Gaining a customers trust does not happen immediately. It takes years of nurturing and credibility. Many big brands have been faced with the challenge of being transparent, which will be very hard to accomplish for most as transparency will ruin their reputations. So what options are they left with?
They can't reveal the truth of their production process and work place conditions as that may be detrimental enough. They can't show all their cards when it comes to textile waste and pollution contribution as that would be alarming. So, they turn to claims. Often making up new buzz words or jumping on buzz words that will gain them credibility.
As a final resort these same brands leverage the small selection of socially and sustainably made products, in which they only carry one or two skus of, by bragging about their great contribution to helping the environment. Therefore, appearing like heroes. In reality this bait and switch approach will draw more customers in who are encouraged to buy the general product lines with high margins and no ethical or environmentally conscious element.
So what happens to the trust? It's still there for the taking, but can it be redistributed to the brands who make a bigger effort for a better future? I think it can, but with the help of the consumer. If the consumer can learn to look a little closer and read a little deeper, perhaps we can get to a place where we produce better products, and purchase less but with good intent. You know... like in the 50's.
Here's where we can start to look a little deeper. Buzz words. Let's talk vegan.
Over the past decade we have essentially labelled what is truly plastic fashion as 'vegan'. Sure it doesn't come from an animal, and no animal was harmed in the process of making it, but the marketers fail to mention the production process and how damaging it is to the environment. Not to mention that 'vegan' alternatives can't be repaired, have a way shorter life cycle, and are can't biodegrade.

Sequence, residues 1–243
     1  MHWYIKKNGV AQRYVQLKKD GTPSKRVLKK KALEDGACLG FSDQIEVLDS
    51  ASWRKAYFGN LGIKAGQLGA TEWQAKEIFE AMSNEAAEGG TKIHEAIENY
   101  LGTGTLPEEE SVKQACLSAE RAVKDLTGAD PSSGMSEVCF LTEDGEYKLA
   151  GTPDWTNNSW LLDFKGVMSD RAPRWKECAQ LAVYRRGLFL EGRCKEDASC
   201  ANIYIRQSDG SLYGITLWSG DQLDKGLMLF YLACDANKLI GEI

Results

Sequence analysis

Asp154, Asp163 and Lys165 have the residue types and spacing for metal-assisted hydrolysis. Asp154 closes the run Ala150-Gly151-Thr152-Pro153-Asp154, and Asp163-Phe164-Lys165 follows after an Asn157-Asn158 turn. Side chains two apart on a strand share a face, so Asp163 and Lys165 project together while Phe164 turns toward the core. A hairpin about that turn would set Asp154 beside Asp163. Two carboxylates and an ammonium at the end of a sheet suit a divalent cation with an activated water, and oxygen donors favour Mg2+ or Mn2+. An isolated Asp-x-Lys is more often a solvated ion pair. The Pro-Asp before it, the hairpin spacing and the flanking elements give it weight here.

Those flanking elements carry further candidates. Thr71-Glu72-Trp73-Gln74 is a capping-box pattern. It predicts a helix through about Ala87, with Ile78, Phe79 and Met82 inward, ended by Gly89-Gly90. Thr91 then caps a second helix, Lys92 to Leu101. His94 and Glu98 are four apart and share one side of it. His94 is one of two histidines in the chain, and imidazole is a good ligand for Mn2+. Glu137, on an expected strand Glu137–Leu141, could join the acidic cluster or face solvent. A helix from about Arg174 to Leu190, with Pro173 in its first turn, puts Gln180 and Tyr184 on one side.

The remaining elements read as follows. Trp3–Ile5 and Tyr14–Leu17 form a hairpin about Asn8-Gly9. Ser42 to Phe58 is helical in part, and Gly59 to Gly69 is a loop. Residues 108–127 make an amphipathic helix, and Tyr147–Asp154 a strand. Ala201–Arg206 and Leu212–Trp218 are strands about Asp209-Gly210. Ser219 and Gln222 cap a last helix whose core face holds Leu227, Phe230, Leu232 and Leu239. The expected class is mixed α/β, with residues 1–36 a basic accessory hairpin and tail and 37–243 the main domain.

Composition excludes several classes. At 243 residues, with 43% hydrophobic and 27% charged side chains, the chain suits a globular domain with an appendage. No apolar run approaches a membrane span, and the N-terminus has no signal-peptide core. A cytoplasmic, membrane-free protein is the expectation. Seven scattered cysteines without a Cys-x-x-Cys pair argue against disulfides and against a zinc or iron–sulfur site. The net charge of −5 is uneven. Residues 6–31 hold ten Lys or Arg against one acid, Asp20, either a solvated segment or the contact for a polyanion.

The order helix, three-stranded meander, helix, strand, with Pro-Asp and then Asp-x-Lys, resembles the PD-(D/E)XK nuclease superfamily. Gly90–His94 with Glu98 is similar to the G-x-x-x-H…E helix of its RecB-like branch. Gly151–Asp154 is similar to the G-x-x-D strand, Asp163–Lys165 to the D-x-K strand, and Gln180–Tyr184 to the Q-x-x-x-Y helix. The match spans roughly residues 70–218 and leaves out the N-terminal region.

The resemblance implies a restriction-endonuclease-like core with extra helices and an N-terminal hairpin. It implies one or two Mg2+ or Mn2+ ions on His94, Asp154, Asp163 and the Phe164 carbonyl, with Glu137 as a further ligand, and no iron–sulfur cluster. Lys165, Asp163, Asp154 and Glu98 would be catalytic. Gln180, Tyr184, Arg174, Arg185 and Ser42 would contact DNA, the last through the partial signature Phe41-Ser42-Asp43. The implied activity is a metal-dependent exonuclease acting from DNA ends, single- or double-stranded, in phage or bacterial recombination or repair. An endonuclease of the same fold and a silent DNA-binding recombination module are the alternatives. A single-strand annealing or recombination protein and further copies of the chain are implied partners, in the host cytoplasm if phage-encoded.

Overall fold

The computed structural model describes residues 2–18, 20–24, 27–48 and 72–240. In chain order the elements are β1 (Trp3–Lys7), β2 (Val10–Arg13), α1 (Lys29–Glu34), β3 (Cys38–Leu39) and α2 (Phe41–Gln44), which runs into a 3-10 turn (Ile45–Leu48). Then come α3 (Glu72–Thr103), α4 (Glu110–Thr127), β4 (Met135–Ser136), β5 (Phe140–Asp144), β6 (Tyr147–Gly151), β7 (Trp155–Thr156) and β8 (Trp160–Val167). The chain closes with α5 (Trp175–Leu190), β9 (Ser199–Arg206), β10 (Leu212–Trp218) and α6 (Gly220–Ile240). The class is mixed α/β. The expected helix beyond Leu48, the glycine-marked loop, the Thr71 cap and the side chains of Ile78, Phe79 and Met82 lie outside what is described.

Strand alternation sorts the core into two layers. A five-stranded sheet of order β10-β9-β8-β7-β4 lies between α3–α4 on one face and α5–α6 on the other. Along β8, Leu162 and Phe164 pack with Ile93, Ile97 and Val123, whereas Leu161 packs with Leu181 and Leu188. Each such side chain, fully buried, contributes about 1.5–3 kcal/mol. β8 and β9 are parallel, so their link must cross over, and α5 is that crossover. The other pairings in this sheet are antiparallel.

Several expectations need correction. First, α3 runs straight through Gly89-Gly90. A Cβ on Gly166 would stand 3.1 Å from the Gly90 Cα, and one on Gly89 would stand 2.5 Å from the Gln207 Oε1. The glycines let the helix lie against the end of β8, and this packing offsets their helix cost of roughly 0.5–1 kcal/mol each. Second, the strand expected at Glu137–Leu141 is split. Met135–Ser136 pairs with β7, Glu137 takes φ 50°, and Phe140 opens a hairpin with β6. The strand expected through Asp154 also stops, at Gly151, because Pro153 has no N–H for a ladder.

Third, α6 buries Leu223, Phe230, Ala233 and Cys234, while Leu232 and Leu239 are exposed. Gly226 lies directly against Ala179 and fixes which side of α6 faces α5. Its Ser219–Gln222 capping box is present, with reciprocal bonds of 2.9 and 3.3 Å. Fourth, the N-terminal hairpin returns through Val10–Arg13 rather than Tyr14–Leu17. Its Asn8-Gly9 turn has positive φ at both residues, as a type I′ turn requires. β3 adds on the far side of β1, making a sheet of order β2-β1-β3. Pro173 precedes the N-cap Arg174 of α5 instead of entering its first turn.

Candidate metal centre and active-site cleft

Could it be that if we looked a little past the buzz words that maybe the better textile for a moto jacket is actually leather? Let's consider this. Leather jacket brand, Mauritius, ascertains their leathers from the food consumption industry therefore preventing the leather from being discarded into landfills. In addition, they also use vegetable dyes to dye their jackets. If that doesn't make leather a more superior textile to "pleather" than consider that the leather jacket now has a lifetime of wear as leather is extremely durable and often looks better worn down.
Until new food alternatives like Mylo, made from mushrooms and now the new textile of choice for Lululemon, are more available and affordable, then buzz words like Vegan have no place in the fashion industry as they fuel the issue of distrust.
If you are in doubt about a company's claims, dig a little deeper. The onus is now on you the consumer to ask, "how are they sustainable?". If you'd like to learn more about certain brands, be sure to check out the Good on you app that thoroughly reviews claims that eco brands make. If you are cruising on their and wonder why Guru has not been investigated and verified, it is only because we are still waiting to hear from them. We are an open book here at Guru, and we look forward to one day being on their app.